As a resident of Quezon City in Metro Manila, I grew up with typhoons and floods during the monsoon season that normally lasts from June to September. People in cities have learned to live with floods, and perhaps, not learned from the experience enough to change mindsets, lifestyles. Our drains continue to be clogged, motorists get stranded on the road, families still live in danger zones so much so that entire communities get evacuated, lives and livelihoods are lost, year in, year out.
What do Iran and Alaska have in common? Well for one thing, both have followed a similar path towards equity by sharing mineral revenues with citizens through the Alaska Permanent Fund and the Iran Citizens Income Scheme. Why aren’t other countries, rich in mineral and hydro carbon wealth on their way to doing the same? This journey can be short and sweet: It would entail direct dividend payments from mineral wealth to citizens to become a reality across Africa and other parts of the world. It’s time to put the mine in mineral revenues.
Marcelo Giugale, World Bank’s Director of Economic Policy and Poverty Reduction Programs for Africa, makes the case with enthusiasm for direct cash payments from natural resource revenues to the citizens of a country: a mechanism by which citizens of a nation, share in its wealth earnings while making sure that the earnings keep growing for future generations. Marcelo offers a tantalizing prospect: even a fraction of mineral and hydro carbon revenue as direct dividend payments to citizens would be enough to end poverty! Imagine that.
Africa has mineral revenues and much more that can end poverty. It seems, that whatever the so-called developed world craves, Africa already has: from mineral resources to yet to be discovered deposits of diamonds, oils, rare earth; to agriculture land. Yet, whatever enriches the so-called developed world from Africa seems to not benefit the continent itself. Why is that? And what will need to be done to change it? It is time to transform the discussion on economic growth drivers and development aid by adding into the equation the distribution of mineral revenues urges Shantayanan Devarajan, World Bank’s Chief Economist for the Middle East and North Africa and until recently for the Africa Region.
'Why is China Ahead of India? Implications for Europe and the US,' was the topic of a talk yesterday at the World Bank by Nobel winner Amartya Sen which was chaired by Kaushik Basu. In the span of just under two hours, Sen managed to pinpoint India's main Achilles Heel (primarily related to the low overall quality of education, poor health care and skewed energy and other subsidies), while weaving in references to Kido Takayoshi, Mao Zedong, David Hume, Mahatma Gandhi, Adam Smith, Jon Stuart Mill, Milton Friedman, Keynes, Marx and other thinkers and influencers.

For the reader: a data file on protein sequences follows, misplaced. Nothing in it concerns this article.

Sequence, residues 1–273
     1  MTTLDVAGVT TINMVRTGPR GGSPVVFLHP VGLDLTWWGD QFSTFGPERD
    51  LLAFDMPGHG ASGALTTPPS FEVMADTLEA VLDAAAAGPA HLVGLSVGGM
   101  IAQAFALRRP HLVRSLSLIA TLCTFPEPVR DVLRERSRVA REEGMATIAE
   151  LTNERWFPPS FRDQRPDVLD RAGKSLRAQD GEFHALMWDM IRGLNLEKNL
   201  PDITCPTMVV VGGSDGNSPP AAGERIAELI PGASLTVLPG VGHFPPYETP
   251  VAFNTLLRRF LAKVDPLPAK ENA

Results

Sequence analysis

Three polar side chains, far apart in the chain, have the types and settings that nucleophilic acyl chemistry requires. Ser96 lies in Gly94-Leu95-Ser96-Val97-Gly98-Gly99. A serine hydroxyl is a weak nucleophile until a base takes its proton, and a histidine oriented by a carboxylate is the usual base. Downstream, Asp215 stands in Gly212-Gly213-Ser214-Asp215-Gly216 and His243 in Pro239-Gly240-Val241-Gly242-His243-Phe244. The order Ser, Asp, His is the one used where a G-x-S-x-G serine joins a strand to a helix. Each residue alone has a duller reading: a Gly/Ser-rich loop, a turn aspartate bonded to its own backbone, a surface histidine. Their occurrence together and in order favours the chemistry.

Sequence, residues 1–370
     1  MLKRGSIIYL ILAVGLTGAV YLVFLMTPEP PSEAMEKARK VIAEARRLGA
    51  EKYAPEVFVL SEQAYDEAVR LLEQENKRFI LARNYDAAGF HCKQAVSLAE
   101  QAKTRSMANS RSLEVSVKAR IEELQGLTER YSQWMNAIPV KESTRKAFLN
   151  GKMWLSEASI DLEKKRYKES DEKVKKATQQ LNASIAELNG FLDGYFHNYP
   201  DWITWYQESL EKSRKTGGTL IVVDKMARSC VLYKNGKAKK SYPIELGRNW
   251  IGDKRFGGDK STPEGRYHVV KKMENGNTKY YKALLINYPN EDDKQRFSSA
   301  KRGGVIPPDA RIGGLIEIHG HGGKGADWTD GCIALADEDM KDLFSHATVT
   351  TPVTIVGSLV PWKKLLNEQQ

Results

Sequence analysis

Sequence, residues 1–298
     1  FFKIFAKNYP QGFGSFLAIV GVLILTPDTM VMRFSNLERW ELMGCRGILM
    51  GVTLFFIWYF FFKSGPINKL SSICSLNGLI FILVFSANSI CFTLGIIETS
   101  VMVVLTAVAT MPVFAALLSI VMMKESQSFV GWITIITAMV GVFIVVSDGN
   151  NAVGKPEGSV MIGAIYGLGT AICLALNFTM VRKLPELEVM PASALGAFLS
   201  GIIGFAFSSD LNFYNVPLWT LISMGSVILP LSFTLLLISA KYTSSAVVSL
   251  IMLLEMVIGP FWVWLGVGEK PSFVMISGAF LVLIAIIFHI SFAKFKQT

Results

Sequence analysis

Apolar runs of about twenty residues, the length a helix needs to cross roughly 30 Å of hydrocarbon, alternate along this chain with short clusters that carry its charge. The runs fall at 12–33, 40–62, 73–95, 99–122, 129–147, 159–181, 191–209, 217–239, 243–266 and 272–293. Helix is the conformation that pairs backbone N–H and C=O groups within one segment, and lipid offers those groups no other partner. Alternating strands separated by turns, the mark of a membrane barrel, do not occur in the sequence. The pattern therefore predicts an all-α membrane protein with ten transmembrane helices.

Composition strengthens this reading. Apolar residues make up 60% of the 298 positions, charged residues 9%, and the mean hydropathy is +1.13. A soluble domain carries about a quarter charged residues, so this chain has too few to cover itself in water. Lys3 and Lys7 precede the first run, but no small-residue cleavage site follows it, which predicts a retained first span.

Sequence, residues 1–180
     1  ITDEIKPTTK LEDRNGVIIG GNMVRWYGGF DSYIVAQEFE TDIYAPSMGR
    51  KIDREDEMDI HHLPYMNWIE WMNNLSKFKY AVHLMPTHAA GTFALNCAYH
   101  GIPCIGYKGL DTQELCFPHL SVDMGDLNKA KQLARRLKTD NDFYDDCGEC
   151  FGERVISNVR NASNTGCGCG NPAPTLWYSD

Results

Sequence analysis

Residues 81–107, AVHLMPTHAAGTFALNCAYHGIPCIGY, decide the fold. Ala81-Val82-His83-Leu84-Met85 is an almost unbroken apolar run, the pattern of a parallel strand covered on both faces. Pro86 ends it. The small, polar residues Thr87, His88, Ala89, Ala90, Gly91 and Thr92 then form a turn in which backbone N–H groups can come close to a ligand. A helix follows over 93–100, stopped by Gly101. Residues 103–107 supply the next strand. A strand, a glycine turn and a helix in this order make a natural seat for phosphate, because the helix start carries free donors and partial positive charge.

Amartya's talk coincided with the publication of a New York Times op ed titled 'Why India Trails China' in which he stressed that one cannot wait to fix health and education only after reaching some modicum of overall prosperity. Indeed, proper health and education, which foster human capabilities, are an essential precondition to sustainable growth and the ability to compete successfully in an integrated world. India still needs to take these East Asian lessons fully on board.
Had a thought-provoking discussion on ‘influencing’ with Exfamer (ex Oxfam Australia turned consultant) James Ensor a few days ago. The starting point was an apparent tension between the reading I’ve been doing on complex systems, and Oxfam’s traditional model of campaigning.
In my first days at Oxfam, I was told that the recipe for a successful campaign was ‘problem, villain, solution’ (heroes are apparently optional). And sure enough, if you look at good/bad campaigns, the presence or absence of all three ingredients seems pretty key.
But one of the characteristics of complex systems is that solutions are seldom obvious and often only emerge from trial and error. Elsewhere I’ve translated the offputting language of complexity theory into ‘how do you plan when you don’t know what’s going to happen?’ But in the case of advocacy and campaigns aimed at influencing government or international organizations’ policies, a better formulation would be ‘how do you campaign when you don’t have a solution?’